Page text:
When you’re in the middle of a crisis, it’s sometimes hard to imagine that it will ever end. However, all things do pass, and it’s well worth reminding oneself of this sentiment, especially when in the midst of political and economic turmoil, such as we face today.
One can certainly be excused for thinking that the past decade seems to have been continually turbulent. The aftermath and repercussions of the credit crunch of 2008/9 lasted much longer than expected and the effects were very deep. The western market economies introduced a new weapon in the fight against the slump - quantitative easing - which is still being used, nearly 15 years later, with all its knock-on issues.
Since 2016, the United Kingdom has also been dealing with the ramifications of the country’s vote to leave the EU. And just when we were collectively getting our heads around Brexit, then the world was hit by the Covid-19 pandemic. For over 18 months our lives were turned upside down; perversely, it can sometimes be seen as just the figment of our imagination or caused by a dream, as we try and forget the collective trauma as part of a coping strategy. It truly was an unprecedented experience.
Of course, 2022 hasn’t exactly been straightforward for the UK either. The cost-of-living crisis, caused by rising inflation and worsened by high energy prices because of the war in Ukraine, is hitting consumers badly in their pockets. The short-lived reign of former prime minister Liz Truss caused further damage to the economy and decisions made during that period drove further increases in interest rates.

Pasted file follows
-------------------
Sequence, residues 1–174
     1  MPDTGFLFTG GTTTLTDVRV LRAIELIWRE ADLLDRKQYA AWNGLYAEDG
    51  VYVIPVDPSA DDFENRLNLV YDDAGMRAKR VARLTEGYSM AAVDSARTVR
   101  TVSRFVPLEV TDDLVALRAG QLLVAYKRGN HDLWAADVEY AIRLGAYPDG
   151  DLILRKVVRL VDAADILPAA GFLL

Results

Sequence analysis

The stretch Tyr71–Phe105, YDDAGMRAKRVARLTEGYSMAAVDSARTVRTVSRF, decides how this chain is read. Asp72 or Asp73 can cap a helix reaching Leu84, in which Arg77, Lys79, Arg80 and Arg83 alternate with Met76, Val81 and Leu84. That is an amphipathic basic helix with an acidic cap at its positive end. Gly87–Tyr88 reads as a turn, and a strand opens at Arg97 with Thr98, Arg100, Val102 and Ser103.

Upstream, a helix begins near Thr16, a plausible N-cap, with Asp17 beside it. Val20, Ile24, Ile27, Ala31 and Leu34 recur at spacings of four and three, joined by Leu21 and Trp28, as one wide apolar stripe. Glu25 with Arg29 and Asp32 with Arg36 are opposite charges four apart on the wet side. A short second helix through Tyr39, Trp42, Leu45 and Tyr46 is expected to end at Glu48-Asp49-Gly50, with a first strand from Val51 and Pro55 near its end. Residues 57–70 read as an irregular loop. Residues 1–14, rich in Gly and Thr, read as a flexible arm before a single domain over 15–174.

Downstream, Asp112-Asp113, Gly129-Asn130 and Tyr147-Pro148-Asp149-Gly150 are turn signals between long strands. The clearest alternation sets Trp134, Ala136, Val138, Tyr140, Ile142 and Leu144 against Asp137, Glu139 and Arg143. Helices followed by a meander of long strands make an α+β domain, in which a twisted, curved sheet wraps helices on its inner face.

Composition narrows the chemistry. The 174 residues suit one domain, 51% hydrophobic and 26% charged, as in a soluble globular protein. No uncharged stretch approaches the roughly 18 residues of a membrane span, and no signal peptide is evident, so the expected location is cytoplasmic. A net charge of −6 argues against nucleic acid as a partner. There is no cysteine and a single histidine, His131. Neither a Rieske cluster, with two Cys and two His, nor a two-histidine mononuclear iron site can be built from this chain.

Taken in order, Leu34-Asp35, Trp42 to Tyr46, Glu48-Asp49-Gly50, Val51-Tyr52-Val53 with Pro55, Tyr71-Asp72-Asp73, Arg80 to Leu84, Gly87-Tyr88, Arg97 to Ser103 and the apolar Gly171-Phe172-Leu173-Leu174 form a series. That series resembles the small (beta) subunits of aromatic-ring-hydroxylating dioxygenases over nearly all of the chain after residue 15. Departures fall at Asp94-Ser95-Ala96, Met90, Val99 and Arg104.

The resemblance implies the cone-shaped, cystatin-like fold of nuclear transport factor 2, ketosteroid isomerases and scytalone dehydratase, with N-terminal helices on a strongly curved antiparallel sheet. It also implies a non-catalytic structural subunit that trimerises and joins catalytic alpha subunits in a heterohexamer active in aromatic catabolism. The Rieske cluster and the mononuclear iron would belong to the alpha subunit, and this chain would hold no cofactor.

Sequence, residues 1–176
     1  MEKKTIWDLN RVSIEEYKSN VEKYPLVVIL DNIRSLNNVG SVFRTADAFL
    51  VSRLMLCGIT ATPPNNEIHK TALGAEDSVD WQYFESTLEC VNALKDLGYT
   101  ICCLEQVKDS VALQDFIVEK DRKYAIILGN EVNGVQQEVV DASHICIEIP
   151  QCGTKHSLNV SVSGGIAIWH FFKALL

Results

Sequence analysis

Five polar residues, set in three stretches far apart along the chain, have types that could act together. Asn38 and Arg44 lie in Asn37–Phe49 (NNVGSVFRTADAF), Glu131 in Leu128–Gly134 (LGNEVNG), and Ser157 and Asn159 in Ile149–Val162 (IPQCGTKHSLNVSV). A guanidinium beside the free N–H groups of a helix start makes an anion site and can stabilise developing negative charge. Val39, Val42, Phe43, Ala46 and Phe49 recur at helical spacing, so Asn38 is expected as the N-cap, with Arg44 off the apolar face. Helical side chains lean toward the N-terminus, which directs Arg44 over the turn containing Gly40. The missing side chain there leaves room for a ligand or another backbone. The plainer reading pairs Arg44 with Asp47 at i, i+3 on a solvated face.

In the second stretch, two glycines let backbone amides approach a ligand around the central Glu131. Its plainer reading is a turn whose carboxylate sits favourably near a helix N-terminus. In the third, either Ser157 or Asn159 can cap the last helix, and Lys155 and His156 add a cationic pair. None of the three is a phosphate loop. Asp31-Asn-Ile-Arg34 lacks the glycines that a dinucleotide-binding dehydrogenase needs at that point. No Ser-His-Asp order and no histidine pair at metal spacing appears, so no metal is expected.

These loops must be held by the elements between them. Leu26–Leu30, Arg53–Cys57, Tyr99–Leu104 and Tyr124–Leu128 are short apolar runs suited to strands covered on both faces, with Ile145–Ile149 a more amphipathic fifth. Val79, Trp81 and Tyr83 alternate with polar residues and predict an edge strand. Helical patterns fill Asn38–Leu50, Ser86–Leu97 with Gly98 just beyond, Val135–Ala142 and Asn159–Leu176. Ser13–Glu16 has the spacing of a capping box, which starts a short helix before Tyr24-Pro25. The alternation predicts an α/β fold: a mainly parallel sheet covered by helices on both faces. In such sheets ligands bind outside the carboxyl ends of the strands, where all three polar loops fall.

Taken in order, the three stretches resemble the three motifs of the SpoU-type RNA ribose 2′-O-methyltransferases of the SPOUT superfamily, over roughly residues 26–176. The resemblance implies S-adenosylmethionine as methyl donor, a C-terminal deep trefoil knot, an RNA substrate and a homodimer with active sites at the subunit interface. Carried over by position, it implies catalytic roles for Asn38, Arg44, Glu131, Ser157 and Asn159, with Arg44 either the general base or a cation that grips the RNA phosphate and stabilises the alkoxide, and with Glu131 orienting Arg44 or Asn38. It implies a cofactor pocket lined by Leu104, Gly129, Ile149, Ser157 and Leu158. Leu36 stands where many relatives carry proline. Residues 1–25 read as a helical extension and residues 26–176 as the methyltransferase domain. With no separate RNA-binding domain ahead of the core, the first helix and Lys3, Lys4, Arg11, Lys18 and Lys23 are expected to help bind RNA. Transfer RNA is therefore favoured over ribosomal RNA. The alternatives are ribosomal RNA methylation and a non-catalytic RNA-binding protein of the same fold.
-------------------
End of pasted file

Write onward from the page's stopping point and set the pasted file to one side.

I’m not reminding you of our recent issues in an attempt to traumatise you; instead, I want to stress that it's at times like this when experience really counts. Less experienced or well-funded members of the short-term lending community have responded to the issues in the economy in different ways. Some have quietly but dramatically lowered their risk appetites, others all but shut their doors to new business. There has also been an understandable move towards offering variable instead of fixed rates.
I understand full well that at times like these, rumours and whispers spread across the sector and have hear some about competitors. However, until there is evidence to back such gossip up, brokers should continue to deal with tried and trusted bridging finance providers.
At London Credit, we have been lending for more than 12 years. We have experienced challenging times and we have maintained our strong appetite for business and commitment to service and transparency. We recognise, from experience, that inflation and economic issues will be painful for some yet temporary for all, and that in times of uncertainty it’s even more important to deliver on promises.
It's this level of understanding that makes it so important for brokers to work with experienced lenders. As long as brokers ensure that their clients’ applications are well thought out and that they have a robust exit strategy (a backup exit is always useful as well) then experienced, stable lenders will still be there to fund their projects.
The well-known saying from Warren Buffett that “only when the tide goes out do you discover who's been swimming naked” seems particularly apposite today.
Marios Theophanous is credit manager at London Credit